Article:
Floppy Disks in Mac OS X

Discussion in 'macOS' started by Hildron101010, Mar 14, 2011.

  1. Hildron101010 macrumors member

    Hildron101010

    Joined:
    Oct 25, 2010
    #1
    I have a USB floppy drive for my Mac and I have no problems reading files off of old disks that I share with my old Macintosh computers. However, I cannot ever write to any of the disks. I have tried all formats I could in Disk Utility, and they all failed, or hung the application. After 15 minutes of no response, I force quit Disk Utility. Does anyone have any suggestions on how to write files to floppy disks in Mac OS X but still have the disk compatible with a Macintosh running an older version of the Mac OS?
     
  2. McGiord macrumors 601

    McGiord

    Joined:
    Oct 5, 2003
    Location:
    Dark Castle
    #2
    Currently I am away from my Mac, so what I am going to suggest might not be fully detailed. For running minivMac or sheepshaver there are some disk images out there and a software that allows you to create, read and write old Mac OS disk images, therefore I believe that you can use them to accomplish what you want. What old Mac models are you using? OS?

    Google that.
     
  3. simsaladimbamba

    Joined:
    Nov 28, 2010
    Location:
    located
    #3
  4. r0k macrumors 68040

    r0k

    Joined:
    Mar 3, 2008
    Location:
    Detroit
    #4
    Do the older macs have usb or ethernet? A memory stick or network might be a better way to move files around than dealing with floppies. I'm pretty sure OS X can read and write FAT on any media. If you got a FAT utility to read FAT formatted floppies on your older Macs, you would now be able to read and write the floppies on both the new and the older machines.
     
  5. Hildron101010, Mar 20, 2011
    Last edited by a moderator: Mar 20, 2011

    Hildron101010 thread starter macrumors member

    Hildron101010

    Joined:
    Oct 25, 2010
    #5
    The disks that are formatted usually can't be read. When they can be, I usually can't write to them. And when I can write to them, sometimes it takes FOREVER! Usually the Finder completely freezes up and then I relaunch it, but I get the -10810 error. The system I plan to use the disks on are a Macintosh Color Classic running System 7.5, and a Power Macintosh 6100 running System 7.5.3 and soon to run Mac OS 8.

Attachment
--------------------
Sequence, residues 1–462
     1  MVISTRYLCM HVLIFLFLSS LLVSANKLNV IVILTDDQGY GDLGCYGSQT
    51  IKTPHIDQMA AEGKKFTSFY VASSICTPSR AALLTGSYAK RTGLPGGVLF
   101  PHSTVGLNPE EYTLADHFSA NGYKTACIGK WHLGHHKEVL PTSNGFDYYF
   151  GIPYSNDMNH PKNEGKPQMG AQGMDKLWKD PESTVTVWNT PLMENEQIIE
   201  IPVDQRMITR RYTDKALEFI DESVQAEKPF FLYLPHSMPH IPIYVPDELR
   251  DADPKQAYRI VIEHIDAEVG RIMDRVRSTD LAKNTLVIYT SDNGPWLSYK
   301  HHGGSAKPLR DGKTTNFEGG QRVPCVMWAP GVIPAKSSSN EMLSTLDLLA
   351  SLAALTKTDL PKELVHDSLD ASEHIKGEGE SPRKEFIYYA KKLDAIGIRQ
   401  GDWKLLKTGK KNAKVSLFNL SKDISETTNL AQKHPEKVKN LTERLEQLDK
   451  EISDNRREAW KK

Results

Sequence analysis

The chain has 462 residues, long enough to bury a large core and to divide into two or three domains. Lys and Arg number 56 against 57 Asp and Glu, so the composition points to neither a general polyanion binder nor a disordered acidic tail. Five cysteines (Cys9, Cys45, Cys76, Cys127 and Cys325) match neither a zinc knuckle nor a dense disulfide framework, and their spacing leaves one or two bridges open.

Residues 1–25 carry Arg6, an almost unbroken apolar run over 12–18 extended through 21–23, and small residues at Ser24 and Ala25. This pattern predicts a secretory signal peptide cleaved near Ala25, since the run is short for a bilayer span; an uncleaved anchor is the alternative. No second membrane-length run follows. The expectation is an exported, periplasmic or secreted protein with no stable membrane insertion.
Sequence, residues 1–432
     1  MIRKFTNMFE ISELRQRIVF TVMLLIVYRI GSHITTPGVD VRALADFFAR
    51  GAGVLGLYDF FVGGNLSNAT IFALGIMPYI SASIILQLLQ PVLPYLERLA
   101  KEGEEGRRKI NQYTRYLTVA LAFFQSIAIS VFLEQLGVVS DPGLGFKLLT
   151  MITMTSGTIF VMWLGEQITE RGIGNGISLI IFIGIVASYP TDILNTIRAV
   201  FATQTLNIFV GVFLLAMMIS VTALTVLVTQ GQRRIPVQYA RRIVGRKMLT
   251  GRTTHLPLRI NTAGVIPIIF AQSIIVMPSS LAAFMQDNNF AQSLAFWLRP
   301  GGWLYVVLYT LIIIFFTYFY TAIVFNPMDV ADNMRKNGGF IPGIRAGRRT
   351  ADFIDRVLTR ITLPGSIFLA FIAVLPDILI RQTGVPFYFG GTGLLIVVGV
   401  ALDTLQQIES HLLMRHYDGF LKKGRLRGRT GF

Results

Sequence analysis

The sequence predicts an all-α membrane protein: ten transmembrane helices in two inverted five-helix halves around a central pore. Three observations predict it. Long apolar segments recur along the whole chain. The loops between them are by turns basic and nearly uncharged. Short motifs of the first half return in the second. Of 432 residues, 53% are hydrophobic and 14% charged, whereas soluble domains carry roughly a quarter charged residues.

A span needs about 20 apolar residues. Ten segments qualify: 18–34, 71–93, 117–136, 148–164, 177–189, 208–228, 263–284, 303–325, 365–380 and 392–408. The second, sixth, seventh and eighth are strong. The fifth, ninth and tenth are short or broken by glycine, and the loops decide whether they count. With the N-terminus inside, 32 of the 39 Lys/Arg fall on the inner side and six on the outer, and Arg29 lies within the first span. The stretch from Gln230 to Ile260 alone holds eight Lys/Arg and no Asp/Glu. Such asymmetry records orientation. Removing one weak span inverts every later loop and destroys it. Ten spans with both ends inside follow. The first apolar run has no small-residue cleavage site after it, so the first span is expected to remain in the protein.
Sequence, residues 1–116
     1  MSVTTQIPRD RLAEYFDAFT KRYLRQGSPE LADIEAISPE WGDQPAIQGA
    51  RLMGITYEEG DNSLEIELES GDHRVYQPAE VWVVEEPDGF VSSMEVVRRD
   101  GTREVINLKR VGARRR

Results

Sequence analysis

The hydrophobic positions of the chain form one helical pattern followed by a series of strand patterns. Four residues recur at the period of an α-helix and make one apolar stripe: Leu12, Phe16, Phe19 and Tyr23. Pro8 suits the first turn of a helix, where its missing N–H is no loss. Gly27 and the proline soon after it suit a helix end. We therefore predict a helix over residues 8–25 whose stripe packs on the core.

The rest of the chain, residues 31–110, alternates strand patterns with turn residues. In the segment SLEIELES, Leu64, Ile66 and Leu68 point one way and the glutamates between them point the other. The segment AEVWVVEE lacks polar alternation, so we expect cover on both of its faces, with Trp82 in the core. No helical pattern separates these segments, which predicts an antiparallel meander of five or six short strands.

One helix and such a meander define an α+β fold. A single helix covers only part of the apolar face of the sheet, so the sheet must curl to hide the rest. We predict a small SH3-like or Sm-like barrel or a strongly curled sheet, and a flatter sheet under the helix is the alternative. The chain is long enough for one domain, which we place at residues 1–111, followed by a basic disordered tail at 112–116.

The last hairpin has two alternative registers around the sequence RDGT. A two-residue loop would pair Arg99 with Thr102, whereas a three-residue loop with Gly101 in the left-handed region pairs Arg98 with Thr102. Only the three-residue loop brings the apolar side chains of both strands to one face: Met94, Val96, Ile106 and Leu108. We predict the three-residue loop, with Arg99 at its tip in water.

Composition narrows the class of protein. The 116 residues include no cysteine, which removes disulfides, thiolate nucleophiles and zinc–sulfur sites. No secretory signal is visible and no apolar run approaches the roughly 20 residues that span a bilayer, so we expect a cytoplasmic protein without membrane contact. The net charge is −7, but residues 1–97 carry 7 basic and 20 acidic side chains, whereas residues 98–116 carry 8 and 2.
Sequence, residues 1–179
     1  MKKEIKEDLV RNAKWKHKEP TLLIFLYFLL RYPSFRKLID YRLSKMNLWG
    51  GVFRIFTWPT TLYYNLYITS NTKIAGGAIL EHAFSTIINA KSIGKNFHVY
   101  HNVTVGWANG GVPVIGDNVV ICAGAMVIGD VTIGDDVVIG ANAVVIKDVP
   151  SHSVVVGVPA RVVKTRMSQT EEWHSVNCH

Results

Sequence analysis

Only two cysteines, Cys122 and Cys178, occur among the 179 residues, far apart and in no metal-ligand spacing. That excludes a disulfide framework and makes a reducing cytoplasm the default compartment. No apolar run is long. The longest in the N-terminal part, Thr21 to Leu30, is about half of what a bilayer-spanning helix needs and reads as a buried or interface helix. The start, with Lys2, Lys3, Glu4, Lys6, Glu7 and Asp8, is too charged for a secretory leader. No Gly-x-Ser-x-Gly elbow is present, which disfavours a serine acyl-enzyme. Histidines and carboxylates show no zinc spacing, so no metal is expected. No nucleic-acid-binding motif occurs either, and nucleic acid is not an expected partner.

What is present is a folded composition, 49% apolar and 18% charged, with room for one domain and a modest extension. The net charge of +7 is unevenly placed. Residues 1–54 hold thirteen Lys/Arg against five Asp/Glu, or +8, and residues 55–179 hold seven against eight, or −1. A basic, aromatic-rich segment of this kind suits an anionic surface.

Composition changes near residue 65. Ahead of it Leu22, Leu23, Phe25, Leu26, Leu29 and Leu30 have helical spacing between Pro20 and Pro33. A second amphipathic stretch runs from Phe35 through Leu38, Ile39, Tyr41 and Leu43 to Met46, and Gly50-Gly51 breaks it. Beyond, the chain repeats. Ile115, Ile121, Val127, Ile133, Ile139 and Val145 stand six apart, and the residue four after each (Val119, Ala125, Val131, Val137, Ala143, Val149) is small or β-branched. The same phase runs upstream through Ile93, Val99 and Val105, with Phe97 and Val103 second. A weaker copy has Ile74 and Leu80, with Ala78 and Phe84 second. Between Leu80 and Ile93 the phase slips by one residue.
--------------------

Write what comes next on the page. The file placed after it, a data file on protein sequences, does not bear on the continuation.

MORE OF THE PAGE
I plan on using the disk on System 7.5.x. Most likely on a Macintosh Color Classic. But sometimes I can get the disk to have files written to it after I format it in a Windows system. But that usually causes the Finder to completely die. And by die, I mean it gives me the dreaded -10810 error.
     
  6. MisterMe macrumors G4

    MisterMe

    Joined:
    Jul 17, 2002
    Location:
    USA
    #6
    Which file system are these disks formatted for? If they are formatted for HFS+, then they cannot be read by any OS that is older than MacOS 8.1.
     
  7. Hildron101010 thread starter macrumors member

    Hildron101010

    Joined:
    Oct 25, 2010
    #7
    Format

    I format them as DOS 1.44 MB on my System 7.5 Mac. I cannot format them in Mac OS X. This way makes the disk writable. But once I write to the disk, it just stalls and keeps spinning. If you load another operation from the disk, (ie: opening it in Disk Utility) all apps (including Finder) using the disk will stall. I then force quit them, but then the Finder can't reopen. It gives me the -10810 error. So then I can't log out. I even try force logouts by killing the loginwindow process, but then I can't log back in without doing a restart.
     
  8. MisterMe macrumors G4

    MisterMe

    Joined:
    Jul 17, 2002
    Location:
    USA
    #8
    DOS-formatted floppies are FAT12 giving 224 root directory entries. This puts severe limits on the number and size of files that can be written to the diskette. We can forget about the "8.3" naming limitation. I haven't used floppies for any significant work on my Mac for more than a decade. I was forced to abandon them when I found myself having to use file compression to archive a single file on floppy. Without a lot more knowledge about your situation, I have to assume that your files exceed the limits of DOS-formatted floppies.
     

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